Excerpt from Motherland by Maria Hummel, plus links to reviews, author biography & more

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Motherland

by Maria Hummel

Motherland by Maria Hummel
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    Readers' Opinion:

     Not Yet Rated
  • First Published:
    Jan 2014, 400 pages
    Paperback:
    Jan 2015, 400 pages

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Book Reviewed by:
Kim Kovacs

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Print Excerpt


A thin cry came from upstairs.

"All right," Liesl said, not moving. "But I'm writing to Herr Kappus about this."

The cry lengthened to a scream.

The scraping paused. "Where's that child?" said the voice from behind the wall. "I hear a child crying."

She did not answer Herr Geiss, but she turned and mounted the first step. "Ani, Hans, time to go upstairs."

"I want to stay here," said Hans.

"I want to stay here," said Ani.

"It's time to go upstairs," she said, louder.

The baby wailed. The boys did not move. They stared at the hole, transfixed. "If you don't come, there will be no dinner for either of you," she snapped.

The mention of food made the boys wilt back from the wall.

"We were just looking," Ani said, his eyes wide. He was such a beautiful boy—it struck her every day like a splash of water to the face.

She cleared her throat, sure Herr Geiss was still listening, thinking, Cruel stepmother, depriving these growing boys.

Or was he thinking that she ought to have a firmer hand with them? "I found some elderberry jam," she said.

Ani started toward her, but Hans hooked his fingers over his brother's shoulder, holding him back.

"Fine, then. Two minutes," she said, hastening up the stairs. Slapslap- slap, a pathetic retreat in house slippers.

Later, when the older boys were washing up, she carried Jürgen carefully back down the steps and listened to the silence until she was sure Herr Geiss had gone. A thin veil of light fell through the cellar's low window. Blinking, she felt her way along the crumbly wall. After five paces, she sensed a shift in the air, a cold draft stinging her ankles where her tights had ripped. She stopped, peered. The gap was the size of a man's shoulders. Through it, blackness poured, the same coal-soaked air as their own cellar's, but somehow richer, deeper. She looked closer. At least a meter of packed dirt and stones separated the houses' two walls. It must have taken days to dig, and probably the help of other men. Herr Geiss could have asked her first. But why would he? Herr Geiss knew best. He was a member of the local air raid committee, and he had studied everything there was to know about protecting their houses from bombs.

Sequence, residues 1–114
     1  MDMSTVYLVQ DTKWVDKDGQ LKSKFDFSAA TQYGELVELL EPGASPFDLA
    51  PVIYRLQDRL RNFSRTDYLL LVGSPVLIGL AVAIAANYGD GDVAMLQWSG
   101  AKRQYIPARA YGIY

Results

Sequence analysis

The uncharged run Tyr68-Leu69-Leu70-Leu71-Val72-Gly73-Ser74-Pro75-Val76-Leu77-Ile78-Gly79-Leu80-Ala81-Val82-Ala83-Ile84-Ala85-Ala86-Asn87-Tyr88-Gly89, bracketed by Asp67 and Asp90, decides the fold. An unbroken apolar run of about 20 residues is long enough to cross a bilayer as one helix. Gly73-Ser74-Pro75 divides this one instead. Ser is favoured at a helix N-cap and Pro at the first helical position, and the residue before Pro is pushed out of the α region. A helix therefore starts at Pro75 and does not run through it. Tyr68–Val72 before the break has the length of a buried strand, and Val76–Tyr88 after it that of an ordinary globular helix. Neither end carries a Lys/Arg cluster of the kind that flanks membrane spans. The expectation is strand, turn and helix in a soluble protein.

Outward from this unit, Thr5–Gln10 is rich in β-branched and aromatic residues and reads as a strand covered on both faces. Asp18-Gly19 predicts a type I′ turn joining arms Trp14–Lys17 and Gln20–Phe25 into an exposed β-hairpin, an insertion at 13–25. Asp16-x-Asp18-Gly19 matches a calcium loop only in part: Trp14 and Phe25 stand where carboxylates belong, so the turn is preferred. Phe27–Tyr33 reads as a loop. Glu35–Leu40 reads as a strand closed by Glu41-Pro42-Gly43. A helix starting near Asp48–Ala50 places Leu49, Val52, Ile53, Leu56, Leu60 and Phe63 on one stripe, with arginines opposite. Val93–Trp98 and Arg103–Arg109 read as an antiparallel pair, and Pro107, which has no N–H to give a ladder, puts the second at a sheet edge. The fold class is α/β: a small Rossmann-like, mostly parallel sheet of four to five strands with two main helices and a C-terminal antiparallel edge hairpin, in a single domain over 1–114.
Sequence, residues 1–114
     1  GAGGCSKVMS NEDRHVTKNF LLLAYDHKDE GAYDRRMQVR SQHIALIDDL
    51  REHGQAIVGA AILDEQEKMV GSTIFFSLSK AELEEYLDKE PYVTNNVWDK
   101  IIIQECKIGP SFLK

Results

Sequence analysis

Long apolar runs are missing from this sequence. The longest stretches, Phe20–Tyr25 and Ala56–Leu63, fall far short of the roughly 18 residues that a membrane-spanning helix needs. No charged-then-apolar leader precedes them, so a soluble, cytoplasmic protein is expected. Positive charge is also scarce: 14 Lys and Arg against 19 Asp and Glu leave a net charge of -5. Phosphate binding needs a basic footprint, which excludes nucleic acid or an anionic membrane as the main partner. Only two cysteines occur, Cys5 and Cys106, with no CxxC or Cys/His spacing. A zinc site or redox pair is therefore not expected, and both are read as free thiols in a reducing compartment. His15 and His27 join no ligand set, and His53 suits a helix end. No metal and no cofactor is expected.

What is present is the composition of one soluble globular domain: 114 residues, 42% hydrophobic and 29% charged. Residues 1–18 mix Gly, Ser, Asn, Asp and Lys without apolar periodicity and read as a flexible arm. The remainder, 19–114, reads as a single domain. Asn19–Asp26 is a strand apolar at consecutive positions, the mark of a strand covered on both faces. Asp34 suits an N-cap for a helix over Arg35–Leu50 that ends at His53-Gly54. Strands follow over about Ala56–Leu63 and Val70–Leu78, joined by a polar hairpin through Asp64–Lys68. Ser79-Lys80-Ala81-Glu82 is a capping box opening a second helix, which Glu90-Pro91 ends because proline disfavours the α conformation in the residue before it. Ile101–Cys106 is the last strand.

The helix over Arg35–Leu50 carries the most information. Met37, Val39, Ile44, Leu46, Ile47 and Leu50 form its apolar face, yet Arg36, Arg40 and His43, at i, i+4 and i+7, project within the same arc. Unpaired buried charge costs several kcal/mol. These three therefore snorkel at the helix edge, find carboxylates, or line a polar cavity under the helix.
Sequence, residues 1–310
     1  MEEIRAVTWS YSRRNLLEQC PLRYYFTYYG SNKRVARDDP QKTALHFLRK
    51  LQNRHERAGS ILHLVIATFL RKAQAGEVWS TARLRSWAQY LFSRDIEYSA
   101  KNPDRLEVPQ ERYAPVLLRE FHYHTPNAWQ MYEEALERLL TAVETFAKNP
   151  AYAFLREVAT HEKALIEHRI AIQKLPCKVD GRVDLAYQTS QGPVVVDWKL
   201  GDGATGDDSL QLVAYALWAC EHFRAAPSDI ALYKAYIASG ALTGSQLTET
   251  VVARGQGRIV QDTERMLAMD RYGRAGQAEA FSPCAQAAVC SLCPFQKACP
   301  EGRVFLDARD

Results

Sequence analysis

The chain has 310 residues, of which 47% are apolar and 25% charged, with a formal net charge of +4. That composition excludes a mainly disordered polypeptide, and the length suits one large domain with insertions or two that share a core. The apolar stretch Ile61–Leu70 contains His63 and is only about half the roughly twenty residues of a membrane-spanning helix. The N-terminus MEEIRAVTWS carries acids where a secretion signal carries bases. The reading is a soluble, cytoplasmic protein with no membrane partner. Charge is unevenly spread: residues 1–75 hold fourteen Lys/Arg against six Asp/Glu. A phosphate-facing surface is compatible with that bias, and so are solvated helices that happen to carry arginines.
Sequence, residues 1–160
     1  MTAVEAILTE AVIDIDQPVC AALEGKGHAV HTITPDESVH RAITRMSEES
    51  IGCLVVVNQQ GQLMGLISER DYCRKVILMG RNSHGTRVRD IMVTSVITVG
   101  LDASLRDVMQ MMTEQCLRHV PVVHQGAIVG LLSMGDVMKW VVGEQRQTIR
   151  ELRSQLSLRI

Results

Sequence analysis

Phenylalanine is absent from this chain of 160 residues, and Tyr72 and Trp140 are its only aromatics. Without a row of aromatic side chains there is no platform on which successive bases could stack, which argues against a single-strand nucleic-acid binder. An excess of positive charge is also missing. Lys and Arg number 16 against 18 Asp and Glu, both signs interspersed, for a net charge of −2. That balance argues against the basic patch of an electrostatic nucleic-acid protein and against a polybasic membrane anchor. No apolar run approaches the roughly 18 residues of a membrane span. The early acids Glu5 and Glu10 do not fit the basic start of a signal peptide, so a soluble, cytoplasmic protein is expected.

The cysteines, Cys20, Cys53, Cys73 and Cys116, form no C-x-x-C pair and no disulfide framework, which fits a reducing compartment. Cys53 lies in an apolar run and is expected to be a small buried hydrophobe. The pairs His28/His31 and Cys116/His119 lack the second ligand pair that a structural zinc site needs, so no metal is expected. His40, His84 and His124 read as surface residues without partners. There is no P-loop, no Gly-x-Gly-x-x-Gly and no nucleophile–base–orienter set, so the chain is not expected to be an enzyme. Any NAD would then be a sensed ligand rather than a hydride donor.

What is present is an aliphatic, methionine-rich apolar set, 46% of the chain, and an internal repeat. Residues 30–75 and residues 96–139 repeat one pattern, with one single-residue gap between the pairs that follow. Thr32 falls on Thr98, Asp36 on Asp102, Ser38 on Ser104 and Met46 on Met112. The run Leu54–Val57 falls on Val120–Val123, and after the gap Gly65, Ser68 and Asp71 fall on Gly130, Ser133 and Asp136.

"What do you think of this?" she murmured to the baby, holding him up to the crumbling edge. Jürgen stretched out a fat paw and batted the dirt and stones. "Do you think your Vati will approve?"

A few stones tumbled. The baby swatted at the wall again and more dirt fell. He began to giggle, and reached out with both hands, grabbing the rim with open fingers.

"Stop," she cried. She pulled the baby back to her chest with her left hand and lurched back toward the steps.

Her knee thudded against something heavy and cold. It was the vat that had held the family's sauerkraut every winter. This year, the sauerkraut had rotted in the weeks after Liesl had arrived, after the housekeeper had abandoned the family. Liesl hadn't known that pushing down the cabbage was part of the housekeeper's daily duties until the morning she looked out from the second story and saw Frank dumping the moldy brew out onto the grass. She couldn't get the image out of her mind: Frank's back quaking uncontrollably as he upended the earthenware tub and scrubbed it clean. But he'd never said anything to her—no accusation, no explanation.

For his last package, she'd made a stollen dough from Susi's handwritten recipe, kneaded and shaped it carefully around a film canister stuffed with reichsmark and a map of Germany, and paid a local bakery more than the loaf was worth to bake it hard and golden. In every step of the stollen's production, Liesl was conscious of her inevitable failure. It would never taste like Susi's. It would never get past the censors. Nevertheless she'd wrapped the loaf carefully in butcher paper so it wouldn't grow stale and wrote a note warning Frank about the "fig" she'd baked whole inside. She wondered if he'd understand. She could tell by the soft way Frank looked at her that he didn't think she was capable of deceit. He'd ironed her old life flat with his desire, then molded her into what he needed. The young wife. She leaned her cheek into Jürgen's warm skull. The new mother.

Excerpted from Motherland by Maria Hummel. Copyright © 2014 by Maria Hummel. Excerpted by permission of Counterpoint Press. All rights reserved. No part of this excerpt may be reproduced or reprinted without permission in writing from the publisher.

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